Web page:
The Best Safaris In Kenya

Safari In Amboseli National Park

Safari In Amboseli National Park
By Stuart Butler

Amboseli National Park is the postcard park of Kenya.

This is where those photographs of herds of elephants with a backdrop of the (fast melting!) glaciers of Mt Kilimanjaro are taken.

The elephants and the scenery are the real highlights of this park, but plenty of other wildlife is attracted to the swamps and marshy pools in what is an otherwise very dry part of Kenya.

Another big reason to visit Amboseli is the chance to see conservation in action in the conservancies and other environmental and community projects surrounding the park.

Many visitors to Amboseli combine their trip with nearby Tsavo.

Safari in Amboseli National Park

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Elephant Amboseli kenya

Elephants grazing in Amboseli National Park

Amboseli National Park highlights

Swamps

This part of the Rift Valley is hot and bone dry for much of the year and were it not for the underground water sources that bubble up to the surface in Amboseli then there would likely be little in the way of wildlife here. As it is, this life-giving liquid has created large marshes and pools of water that, during the long dry season in particular, attract large amounts of wildlife.

The area is especially favoured by elephants and masses of them can be seen here at certain times, but hippos, grazers and bird life all congregate here too. And carnivores are known to lie in wait.

Elephants

Amboseli is famed for its elephants. In dry periods they flock here from miles around to quench their thirst in the swamps and pools that splash the dusty landscape in greens.

In fact, Amboseli is so good for elephants that the giants here are a part of one of the world’s longest running elephant study programmes, and much of what we know about elephant lifestyle and biology has been gleaned through Amboseli elephants.

Kilimanjaro views

We’ve all seen those pictures of Africa’s two giants: Mt Kilimanjaro (5,895m) with elephants in the foreground. In fact, for many people it's this image that is the very reason they flew to East Africa in the first place. But here’s a thing to know: Although Africa’s biggest mountain towers over Amboseli, it’s actually located entirely within Tanzania.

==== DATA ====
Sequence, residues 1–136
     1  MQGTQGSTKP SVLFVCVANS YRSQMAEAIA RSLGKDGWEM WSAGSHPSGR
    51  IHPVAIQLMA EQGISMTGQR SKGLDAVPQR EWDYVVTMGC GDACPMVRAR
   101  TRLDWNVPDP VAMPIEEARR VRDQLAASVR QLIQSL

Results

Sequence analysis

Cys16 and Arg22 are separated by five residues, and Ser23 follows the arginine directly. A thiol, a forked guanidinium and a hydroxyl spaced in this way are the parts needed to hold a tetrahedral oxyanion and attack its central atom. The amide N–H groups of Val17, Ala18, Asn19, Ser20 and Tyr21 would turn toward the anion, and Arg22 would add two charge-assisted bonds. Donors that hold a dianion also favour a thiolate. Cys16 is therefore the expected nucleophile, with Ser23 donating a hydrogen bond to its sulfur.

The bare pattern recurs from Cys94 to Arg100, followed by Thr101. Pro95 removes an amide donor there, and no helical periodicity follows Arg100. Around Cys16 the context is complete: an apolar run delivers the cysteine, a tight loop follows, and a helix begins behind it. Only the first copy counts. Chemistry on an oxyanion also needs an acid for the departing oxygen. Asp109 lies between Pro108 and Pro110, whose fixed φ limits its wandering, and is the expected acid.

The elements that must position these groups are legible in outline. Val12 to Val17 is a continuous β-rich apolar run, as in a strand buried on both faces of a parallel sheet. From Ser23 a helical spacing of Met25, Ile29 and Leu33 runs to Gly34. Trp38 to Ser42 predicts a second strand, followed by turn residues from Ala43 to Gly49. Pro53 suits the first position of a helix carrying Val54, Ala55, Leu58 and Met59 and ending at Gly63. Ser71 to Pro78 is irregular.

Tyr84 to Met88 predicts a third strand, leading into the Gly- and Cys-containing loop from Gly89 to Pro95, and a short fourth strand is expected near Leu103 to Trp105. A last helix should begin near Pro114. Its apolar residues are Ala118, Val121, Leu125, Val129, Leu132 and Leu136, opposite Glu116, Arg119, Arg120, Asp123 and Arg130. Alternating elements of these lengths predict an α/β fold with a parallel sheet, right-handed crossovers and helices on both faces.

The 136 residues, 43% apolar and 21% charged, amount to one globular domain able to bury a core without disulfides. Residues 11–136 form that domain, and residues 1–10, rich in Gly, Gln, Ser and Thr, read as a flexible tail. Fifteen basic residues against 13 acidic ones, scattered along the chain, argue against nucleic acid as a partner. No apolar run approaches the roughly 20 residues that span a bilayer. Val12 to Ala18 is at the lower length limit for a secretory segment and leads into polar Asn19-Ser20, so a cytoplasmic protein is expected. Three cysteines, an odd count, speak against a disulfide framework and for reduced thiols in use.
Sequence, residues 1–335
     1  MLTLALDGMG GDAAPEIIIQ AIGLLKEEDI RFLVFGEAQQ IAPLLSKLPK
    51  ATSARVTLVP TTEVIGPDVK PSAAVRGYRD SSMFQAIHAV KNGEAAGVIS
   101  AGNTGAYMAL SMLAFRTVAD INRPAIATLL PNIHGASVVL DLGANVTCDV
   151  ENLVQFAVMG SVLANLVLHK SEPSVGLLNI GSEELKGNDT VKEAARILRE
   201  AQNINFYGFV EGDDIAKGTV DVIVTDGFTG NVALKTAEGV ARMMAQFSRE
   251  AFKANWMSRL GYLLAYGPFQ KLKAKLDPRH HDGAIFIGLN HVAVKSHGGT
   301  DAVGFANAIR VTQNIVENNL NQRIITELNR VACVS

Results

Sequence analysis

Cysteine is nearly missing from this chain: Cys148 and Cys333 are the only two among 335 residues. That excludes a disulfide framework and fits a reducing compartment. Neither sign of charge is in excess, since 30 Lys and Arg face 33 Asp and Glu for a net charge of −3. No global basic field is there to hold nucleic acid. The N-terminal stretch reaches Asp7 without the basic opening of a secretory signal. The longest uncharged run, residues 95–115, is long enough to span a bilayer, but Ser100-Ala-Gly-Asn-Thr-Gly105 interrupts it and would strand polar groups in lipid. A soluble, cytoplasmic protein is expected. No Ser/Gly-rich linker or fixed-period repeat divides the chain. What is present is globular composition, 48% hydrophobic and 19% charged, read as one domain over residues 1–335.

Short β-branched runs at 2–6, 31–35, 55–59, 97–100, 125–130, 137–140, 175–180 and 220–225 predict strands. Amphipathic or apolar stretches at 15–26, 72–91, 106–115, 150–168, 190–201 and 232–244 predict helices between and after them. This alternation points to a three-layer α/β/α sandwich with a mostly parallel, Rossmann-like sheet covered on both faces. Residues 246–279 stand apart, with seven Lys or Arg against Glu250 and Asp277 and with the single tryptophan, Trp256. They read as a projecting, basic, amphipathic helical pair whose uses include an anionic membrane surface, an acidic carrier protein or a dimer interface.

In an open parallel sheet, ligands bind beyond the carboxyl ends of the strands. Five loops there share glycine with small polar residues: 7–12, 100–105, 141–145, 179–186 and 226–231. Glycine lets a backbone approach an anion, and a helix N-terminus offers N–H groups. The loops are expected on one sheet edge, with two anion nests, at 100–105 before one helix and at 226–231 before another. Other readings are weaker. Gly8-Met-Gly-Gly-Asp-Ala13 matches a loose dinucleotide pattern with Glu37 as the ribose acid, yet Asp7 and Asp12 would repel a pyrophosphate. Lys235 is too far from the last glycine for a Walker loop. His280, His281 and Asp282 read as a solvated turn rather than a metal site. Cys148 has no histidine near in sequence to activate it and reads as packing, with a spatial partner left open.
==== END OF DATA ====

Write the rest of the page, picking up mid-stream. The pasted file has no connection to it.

Kimana Community Wildlife Sanctuary

This is one of the most progressive community wildlife conservancies in East Africa and, despite its relatively diminutive size, has been a blueprint for many other conservancies.

Visiting the conservancy is a fine way of mixing safari with a genuine contribution to conservation and support for the local community. It’s about 30km east of Amboseli.

When to visit Amboseli National Park

Due to the general dryness of the region’s climate, Amboseli can be visited at any time of the year. But, it should be kept in mind that during the rainy seasons of March-May and November, the wildlife does take advantage of the additional water sources to disperse across the plains outside of the park boundaries.

By contrast, at any other time the wildlife congregates around the park's swamps and water sources and is much easier to see. February can be uncomfortably hot.

How to get to Amboseli National Park

Amboseli is fairly easy to fit into an overland journey along the Nairobi-Mombasa highway or as part of an overland journey between Kenya and Tanzania.

Most people on a short, two-week safari holiday opt to save time by flying into the park with Air Kenya (www.airkenya.com) and Safari Link (www.flysafarilink.com) from Nairobi, the coast or Tsavo and Masai Mara parks.

Where to stay in Amboseli National Park

Like all the big name parks and reserves, there’s plenty of places to get your head down for a night or three. Without any hesitation though, the best place is Campi ya Kanzi in the Kimana Community Wildlife Sanctuary, which is a very high-end Maasai-run camp that was set up as much to aid the local community and conservation projects as it was to provide top-notch lodging to well-off safari-goers. It’s about 30km from Amboseli park.

Within the park itself is the good value but still luxurious Ol Tukai Lodge. You can even see Kilimanjaro from the bar. For those without such deep pockets the park’s KWS Campsite offers a spot to pitch a tent and basic bathrooms plus a bar.

Safari In Amboseli National Park

Stuart Butler

Stuart is the author of Lonely Planet’s Trekking in Nepal, the Rough Guide to Nepal, the Tibet chapter of the Rough Guide to China and the Bradt guide to Kashmir & Ladakh. He also writes widely about East Africa and conservation issues.

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